Achievement through determination: 3 steps for reaching a goal

Rita Mae Brown quote | @

The summer after kindergarten, I was determined to get a library card. Not that I couldn’t use my mother’s library card to check out books. But I wanted my own library card, with my own name printed on it.

Unfortunately, my hometown library required library card applicants to sign their name not only to the library card application but also on the back of the card itself. (This was 1979. Things were serious at the library.)

Achievement through determination | www.creativeandmindful.comMy poor, exasperated mother did everything she could think of to convince me that a card in my own name was unnecessary. The library had a pretty generous check-out policy; our semi-monthly trips could net both my mom and me more than enough reading material for two weeks.

But I wasn’t having it. Card sharing was insulting to my early bibliophile sensibilities.

So I decided I needed to learn how to sign my name. Even though I wasn’t scheduled to learn cursive until second grade. Which was more than a year away.

My mom finally relented and wrote my name in cursive for me. I copied it over and over. Every day. Until I could sign my name in front of another person without making a mistake.

I’m proud to say I got that library card.

Over the years, I guess I forgot how to work that single-minded sense of determination. Lack of confidence and other “grown-up” issues complicated my ability to reach certain achievements. Nothing is more frustrating than being unable to achieve important goals.

Remembering the pride and excitement of getting my library card, I wondered if I could harness that same process to get things done in my adult life. To that end, I distilled it down to three steps.

1.) Get super clear about what you want.

Clarity is really, REALLY important in any goal-setting activity. Otherwise you’re just swinging blind. You’ll end up putting energy into stuff that doesn’t get you to your goal.

When you’re 5 years old it’s pretty easy to be single-minded. When you’re grown up, sometimes it’s harder to shine a laser beam on what you want.

I know I preach the miracles of meditation like a broken record, but the cushion is often where I get my clarity. Sometimes it’s a slow dawning of something obvious — like “duuuh! why didn’t I see that earlier?” Sometimes it’s like a kick in the pants from inspiration. Either way, it works if you keep at it.

Side note: “Become a better meditator” literally used to be one of my goals. My clarity came when I attended a meditation retreat and realized my goal was really: “Meditate every day for 30 minutes.” It’s a goal that doesn’t have an end date.

Regardless of whether you’re a meditator or not, there are other ways to get clarity:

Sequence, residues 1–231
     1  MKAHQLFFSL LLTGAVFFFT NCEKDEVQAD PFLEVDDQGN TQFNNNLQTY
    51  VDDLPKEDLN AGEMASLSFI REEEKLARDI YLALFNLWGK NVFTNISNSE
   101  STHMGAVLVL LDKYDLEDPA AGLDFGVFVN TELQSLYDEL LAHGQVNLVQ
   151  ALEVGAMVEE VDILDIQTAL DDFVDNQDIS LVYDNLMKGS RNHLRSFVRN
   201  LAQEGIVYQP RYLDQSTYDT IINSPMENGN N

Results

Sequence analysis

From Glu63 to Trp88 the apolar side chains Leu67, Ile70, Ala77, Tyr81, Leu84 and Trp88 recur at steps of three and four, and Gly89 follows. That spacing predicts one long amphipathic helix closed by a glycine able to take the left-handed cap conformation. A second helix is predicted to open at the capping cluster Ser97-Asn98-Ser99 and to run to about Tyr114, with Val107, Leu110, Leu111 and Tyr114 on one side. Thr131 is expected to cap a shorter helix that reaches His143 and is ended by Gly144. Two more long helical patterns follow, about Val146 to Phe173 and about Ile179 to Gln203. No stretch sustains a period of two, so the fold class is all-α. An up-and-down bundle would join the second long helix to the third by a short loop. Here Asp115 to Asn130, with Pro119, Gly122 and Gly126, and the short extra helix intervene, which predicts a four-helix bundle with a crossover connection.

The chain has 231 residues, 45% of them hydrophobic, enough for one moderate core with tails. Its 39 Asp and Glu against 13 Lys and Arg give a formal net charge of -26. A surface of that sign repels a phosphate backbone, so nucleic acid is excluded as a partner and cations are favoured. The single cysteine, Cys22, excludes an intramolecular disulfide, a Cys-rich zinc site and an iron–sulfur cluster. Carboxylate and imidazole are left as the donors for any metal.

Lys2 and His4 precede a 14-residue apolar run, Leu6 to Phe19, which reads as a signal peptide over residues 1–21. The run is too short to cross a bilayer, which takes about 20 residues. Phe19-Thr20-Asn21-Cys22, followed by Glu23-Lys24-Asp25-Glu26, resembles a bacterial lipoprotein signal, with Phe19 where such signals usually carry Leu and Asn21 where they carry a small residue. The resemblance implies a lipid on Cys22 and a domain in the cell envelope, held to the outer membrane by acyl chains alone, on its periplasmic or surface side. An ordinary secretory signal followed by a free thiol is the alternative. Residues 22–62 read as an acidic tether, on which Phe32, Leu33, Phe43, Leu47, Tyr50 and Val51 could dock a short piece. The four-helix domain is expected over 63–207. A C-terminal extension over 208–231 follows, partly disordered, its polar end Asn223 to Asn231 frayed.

• Write about it. Just do a brain dump of whatever’s on your mind. Don’t edit. Just write. Start with “I want…” and see where it goes.
  • Pros and cons. If you have a hazy idea of something that strikes your fancy, list the pros and cons of accomplishing it. For example: “I want to be famous,” might lead to the pro of: “I would be on the NYT Bestsellers list.” Whoa… wait a minute. Maybe honing your writing skills is really what you’re after, not fame and fortune. Keep at it, even when you have these ah-ha moments. “Hone my writing skills” has more clarity but is still vague.
  • Play the “It’s your last day” game. Kinda morbid, I know, but think of what legacy you would leave if you knew you were cashing in your chips tomorrow. What’s the topic you’d want to write about? Where’s the place you’d want to go? What would you want your last creative act to be? What would you want for your last meal? Finality has a way of distilling our desires.

2.) Identify the obstacles to reaching your goal.

What’s in the way of reaching that single-minded goal? If your answer is “time” or “resources” you aren’t trying hard enough – or the goal you identified is not your crystal-clear, burning desire. When we really want something, we move mountains and perform miracles.

So what’s really standing in your way? This is another place where a brain dump – writing down everything you can possibly think of – really helps.

It’s also important to say here that you shouldn’t take a fatalistic view of your obstacles. Nothing is insurmountable.

When I was 5, learning cursive seemed like a pretty tall order. But then I realized only had to learn to write my name. That wasn’t even the whole alphabet. Granted my first name – Stephanie – is on the long side. But my middle name (Southern family – we all used our middle names whether we liked it or not) and last name were pretty short, so it all balanced out.

3.) Work hard to knock out the obstacles. 

Show up and do the work. There are people who say all you have to do is ask the Universe. I, too, believe strongly in being open to possibilities. But the thing that gets left out is that you still have to do the work. Sometimes it’s really hard work. But when you are super dedicated to reaching a goal, even hard work doesn’t seem all that bad.

Also, working hard doesn’t mean going it alone. Ask for help! The people who love you want to see you succeed. I know that sometimes it feels like you’re all alone when you’re going after something, but you’ll be surprised to find out who is rooting for you and who wants to help you. It’s all there for the asking.

My mother may have needed a little convincing in the beginning but, ultimately, she was happy to see me set my mind to something and she was proud when I pulled it off. She gladly coached me through my cursive efforts and cheered me on as I got the hang of it.

So, here’s my challenge to you…

What would happen if you went after something big and challenging? I dare you to give it a shot.